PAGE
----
Only four teams scored more than 21 points against the Notre Dame Fighting Irish defense in 2020. Led by defensive coordinator Clark Lea, the Irish held opponents to just 19.7 points, 113.0 rushing yards, and 343.6 total yards per game.
Notre Dame's new defensive coordinator for the 2021 campaign outperformed all three of those metrics last season.
When Lea accepted an offer in mid-December to be the next head coach at Vanderbilt, Notre Dame wasted no time finding his successor. Less than a month later, Brian Kelly had found his man.
Marcus Freeman joins Notre Dame — which he picked over LSU — fresh off a campaign in which his Cincinnati defense finished third in the FBS in interceptions (16), eighth in scoring defense (16.8 points allowed per game), 10th in total takeaways (21), and 14th in rushing defense (111.1 rushing yards allowed per game). Among teams that played at least 10 games in the 2020 season, Freeman's Bearcats posted the fourth-best scoring defense and eighth-best per-game averages in both rushing and total defense.
"As we looked into finding someone to run our defense, it was important to find the right fit for our program, and Marcus and his family are just that," Kelly said when Freeman's hiring was announced last week. "Marcus was our top choice to become our next defensive coordinator, and we are pleased he and his family will be joining us at Notre Dame."
Just like his predecessor Lea, Freeman also enjoyed a successful collegiate career on the field, playing 51 games (37 starts) as a linebacker at Ohio State — with two Fiesta Bowl appearances and two BCS National Championship appearances — and a pair of second-team All-Big Ten selections.
The similarities don't end there, however. Both were named among the 15 semifinalists — from an original list of 56 nominated coaches — for the Broyles Award, the prestigious prize awarded to college football's top assistant coach. Freeman was one of just five named finalists before Alabama offensive coordinator Steve Sarkisian — who recently accepted the head coaching job at Texas — ultimately came away with the award.
Upon hiring Freeman in 2017, Cincinnati head coach Luke Fickell — who coached Freeman at Ohio State before the two coached together in Columbus in 2010 — said of Freeman and then-newly hired special teams coordinator Doug Phillips: "When I talked to our team on the day I was hired, I promised them I would hire an outstanding staff who were not only great motivators and teachers of football but also great men off the field," Fickell said. "Marcus and Doug are the first two steps in making that promise a reality."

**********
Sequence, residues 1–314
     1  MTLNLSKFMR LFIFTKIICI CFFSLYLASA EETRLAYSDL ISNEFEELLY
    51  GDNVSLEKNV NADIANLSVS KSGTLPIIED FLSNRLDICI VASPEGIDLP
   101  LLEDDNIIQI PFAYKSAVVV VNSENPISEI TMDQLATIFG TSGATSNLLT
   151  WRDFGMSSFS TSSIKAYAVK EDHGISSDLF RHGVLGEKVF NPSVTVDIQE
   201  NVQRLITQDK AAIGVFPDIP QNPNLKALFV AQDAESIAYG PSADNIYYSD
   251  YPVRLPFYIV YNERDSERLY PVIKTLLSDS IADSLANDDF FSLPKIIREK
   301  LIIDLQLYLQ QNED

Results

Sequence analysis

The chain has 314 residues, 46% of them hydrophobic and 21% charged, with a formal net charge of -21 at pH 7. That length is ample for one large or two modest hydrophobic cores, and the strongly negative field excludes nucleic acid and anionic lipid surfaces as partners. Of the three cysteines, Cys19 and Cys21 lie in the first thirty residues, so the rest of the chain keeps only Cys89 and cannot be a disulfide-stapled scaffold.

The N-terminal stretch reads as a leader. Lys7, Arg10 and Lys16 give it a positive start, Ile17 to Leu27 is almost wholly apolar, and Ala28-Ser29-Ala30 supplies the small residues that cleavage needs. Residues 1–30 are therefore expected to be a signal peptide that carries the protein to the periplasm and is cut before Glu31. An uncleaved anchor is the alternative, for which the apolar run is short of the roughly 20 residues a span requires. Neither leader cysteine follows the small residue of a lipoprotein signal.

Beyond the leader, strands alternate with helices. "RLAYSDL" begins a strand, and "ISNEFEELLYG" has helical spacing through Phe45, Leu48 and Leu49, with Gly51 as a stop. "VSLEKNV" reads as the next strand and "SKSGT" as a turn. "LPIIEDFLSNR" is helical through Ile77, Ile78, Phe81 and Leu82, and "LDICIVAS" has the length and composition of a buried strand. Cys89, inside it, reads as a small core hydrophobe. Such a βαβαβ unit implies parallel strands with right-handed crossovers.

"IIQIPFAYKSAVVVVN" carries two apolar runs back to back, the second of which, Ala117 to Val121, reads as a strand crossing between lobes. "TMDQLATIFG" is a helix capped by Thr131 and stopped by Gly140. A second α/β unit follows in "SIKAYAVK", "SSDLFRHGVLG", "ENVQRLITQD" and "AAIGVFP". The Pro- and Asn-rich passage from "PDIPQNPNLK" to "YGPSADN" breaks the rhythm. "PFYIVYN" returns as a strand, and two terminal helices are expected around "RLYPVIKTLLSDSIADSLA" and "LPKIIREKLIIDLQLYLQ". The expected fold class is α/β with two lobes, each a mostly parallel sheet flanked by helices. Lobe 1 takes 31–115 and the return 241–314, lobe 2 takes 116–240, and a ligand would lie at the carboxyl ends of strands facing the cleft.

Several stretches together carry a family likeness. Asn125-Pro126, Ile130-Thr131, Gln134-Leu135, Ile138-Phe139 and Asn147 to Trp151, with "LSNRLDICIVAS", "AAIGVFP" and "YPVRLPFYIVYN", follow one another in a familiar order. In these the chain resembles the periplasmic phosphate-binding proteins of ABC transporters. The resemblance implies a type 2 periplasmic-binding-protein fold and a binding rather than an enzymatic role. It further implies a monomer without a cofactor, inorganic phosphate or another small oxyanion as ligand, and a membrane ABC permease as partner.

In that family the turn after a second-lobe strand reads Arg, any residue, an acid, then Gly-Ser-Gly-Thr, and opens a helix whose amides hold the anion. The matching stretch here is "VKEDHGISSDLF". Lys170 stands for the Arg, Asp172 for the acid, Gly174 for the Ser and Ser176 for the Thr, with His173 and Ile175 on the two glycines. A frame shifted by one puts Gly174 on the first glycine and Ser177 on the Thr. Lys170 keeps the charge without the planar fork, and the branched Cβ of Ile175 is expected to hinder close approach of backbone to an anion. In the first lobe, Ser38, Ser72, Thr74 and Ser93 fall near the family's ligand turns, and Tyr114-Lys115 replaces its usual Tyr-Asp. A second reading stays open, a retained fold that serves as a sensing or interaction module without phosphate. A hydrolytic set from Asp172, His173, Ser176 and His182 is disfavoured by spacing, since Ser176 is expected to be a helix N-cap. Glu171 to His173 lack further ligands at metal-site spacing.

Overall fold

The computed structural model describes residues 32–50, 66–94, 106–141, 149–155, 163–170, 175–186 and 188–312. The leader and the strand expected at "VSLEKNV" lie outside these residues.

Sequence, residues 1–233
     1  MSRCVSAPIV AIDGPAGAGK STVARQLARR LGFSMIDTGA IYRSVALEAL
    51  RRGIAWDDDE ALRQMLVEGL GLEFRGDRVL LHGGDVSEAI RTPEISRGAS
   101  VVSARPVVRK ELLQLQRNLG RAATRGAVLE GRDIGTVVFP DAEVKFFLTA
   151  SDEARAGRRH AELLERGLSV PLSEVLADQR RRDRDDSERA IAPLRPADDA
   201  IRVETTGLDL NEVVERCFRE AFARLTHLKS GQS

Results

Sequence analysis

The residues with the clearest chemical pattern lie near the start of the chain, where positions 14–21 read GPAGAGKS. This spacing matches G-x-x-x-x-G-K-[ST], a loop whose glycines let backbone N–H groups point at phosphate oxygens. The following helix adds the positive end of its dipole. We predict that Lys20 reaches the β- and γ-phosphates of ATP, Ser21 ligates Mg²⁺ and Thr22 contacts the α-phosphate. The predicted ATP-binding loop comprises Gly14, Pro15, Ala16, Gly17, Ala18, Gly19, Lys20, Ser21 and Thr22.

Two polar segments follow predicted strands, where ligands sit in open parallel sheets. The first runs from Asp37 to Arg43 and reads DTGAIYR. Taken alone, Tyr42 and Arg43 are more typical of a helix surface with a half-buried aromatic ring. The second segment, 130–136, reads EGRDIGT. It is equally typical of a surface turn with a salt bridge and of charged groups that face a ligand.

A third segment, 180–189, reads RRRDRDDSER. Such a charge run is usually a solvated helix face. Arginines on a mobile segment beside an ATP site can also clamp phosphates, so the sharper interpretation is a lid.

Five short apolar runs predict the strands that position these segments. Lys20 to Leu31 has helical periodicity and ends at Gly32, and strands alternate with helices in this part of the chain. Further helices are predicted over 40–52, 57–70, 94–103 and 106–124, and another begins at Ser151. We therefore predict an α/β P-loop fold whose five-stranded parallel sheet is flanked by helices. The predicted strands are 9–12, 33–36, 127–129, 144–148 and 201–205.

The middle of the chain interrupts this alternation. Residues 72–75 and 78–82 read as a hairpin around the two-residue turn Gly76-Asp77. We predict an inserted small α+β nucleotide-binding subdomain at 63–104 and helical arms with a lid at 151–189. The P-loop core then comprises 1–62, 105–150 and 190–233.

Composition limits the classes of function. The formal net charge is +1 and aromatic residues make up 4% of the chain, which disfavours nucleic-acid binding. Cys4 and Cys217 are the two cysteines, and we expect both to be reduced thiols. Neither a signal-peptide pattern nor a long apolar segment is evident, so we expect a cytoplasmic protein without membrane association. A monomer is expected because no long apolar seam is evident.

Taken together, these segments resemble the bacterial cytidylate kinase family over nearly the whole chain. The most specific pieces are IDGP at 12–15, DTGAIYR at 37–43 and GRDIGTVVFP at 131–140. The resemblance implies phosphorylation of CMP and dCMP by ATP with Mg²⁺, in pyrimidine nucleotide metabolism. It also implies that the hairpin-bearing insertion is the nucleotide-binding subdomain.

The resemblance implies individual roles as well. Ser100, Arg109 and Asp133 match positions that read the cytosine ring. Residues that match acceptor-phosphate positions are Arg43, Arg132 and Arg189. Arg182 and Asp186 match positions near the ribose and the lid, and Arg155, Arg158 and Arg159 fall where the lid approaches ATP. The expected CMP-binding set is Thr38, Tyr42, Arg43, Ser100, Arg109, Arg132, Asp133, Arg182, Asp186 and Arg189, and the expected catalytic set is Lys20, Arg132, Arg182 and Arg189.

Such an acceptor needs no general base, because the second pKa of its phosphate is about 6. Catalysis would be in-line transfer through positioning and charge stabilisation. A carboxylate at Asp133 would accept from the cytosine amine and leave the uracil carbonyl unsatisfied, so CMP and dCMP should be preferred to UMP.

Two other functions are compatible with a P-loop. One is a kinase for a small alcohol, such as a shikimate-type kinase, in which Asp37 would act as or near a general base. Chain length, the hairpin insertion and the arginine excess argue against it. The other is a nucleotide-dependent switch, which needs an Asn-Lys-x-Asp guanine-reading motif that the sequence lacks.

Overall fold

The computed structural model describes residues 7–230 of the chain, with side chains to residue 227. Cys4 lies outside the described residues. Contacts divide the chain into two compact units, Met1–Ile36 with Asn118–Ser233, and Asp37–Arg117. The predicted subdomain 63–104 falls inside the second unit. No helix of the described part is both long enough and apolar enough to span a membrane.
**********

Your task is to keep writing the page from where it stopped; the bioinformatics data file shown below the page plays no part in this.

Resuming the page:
Fickell also pointed to Freeman's recruiting pedigree at the time of the latter's hire, a key emphasis in Kelly's praise of his new defensive coordinator.
According to 247Sports, the Bearcats have posted the top recruiting class in the AAC in each of the last two cycles, and three classes ranked in the top-50 nationally in the last four cycles after notching just one in the 10 previous cycles. Cincinnati edged out Memphis in both years, boosted by three four-star recruits signed to its 2020 class — and two of the top-six prospects in Ohio — including linebacker Jaheim Thomas, a top-25 recruit at the linebacker position.
"He has had great success on the field, both running a defense and in his direct work with his linebackers," Kelly said. "Additionally, he is considered among the elite recruiters in the coaching ranks. The work Marcus has done elevating the programs he has been a part of speaks for itself, but equally as important is the exceptional work he has done in building relationships with his staff and players."
As Freeman takes the reins of a talented defense needing to reload after losing five starters to the NFL, expectations are that his presence will undoubtedly be a factor in continuing the unit's success, both on the field and in recruiting.
"We're going to try to find the best players we can find that fit our culture and our brand," Freeman said in December about Cincinnati's continued quest to earn respect in recruiting and on the field.
If those words and mission carry into his new role with Notre Dame, as many expect that they will, then championship contention — not just respect — will be the aspiration of Freeman's players, colleagues, and Irish fans alike.
— Written by Juan Jose Rodriguez, who is part of the Athlon Contributor Network and a 2019 graduate of the University of Notre Dame. Rodriguez was an intern for Athlon during summer 2017 and worked for a variety of media outlets on campus, including as the Editor-in-Chief of Scholastic Magazine. Follow him on Twitter @JuanJoseRG02.
(Top graphic courtesy of @NDFootball)